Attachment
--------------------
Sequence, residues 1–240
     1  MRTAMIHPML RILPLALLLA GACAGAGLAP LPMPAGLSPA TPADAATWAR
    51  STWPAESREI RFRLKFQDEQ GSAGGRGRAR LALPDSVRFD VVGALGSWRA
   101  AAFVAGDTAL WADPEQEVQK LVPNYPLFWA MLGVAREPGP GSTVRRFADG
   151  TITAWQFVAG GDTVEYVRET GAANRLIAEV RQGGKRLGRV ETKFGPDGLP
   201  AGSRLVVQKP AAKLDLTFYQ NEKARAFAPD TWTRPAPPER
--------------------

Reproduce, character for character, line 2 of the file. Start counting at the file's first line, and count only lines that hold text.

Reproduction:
     1  MRTAMIHPML RILPLALLLA GACAGAGLAP LPMPAGLSPA TPADAATWAR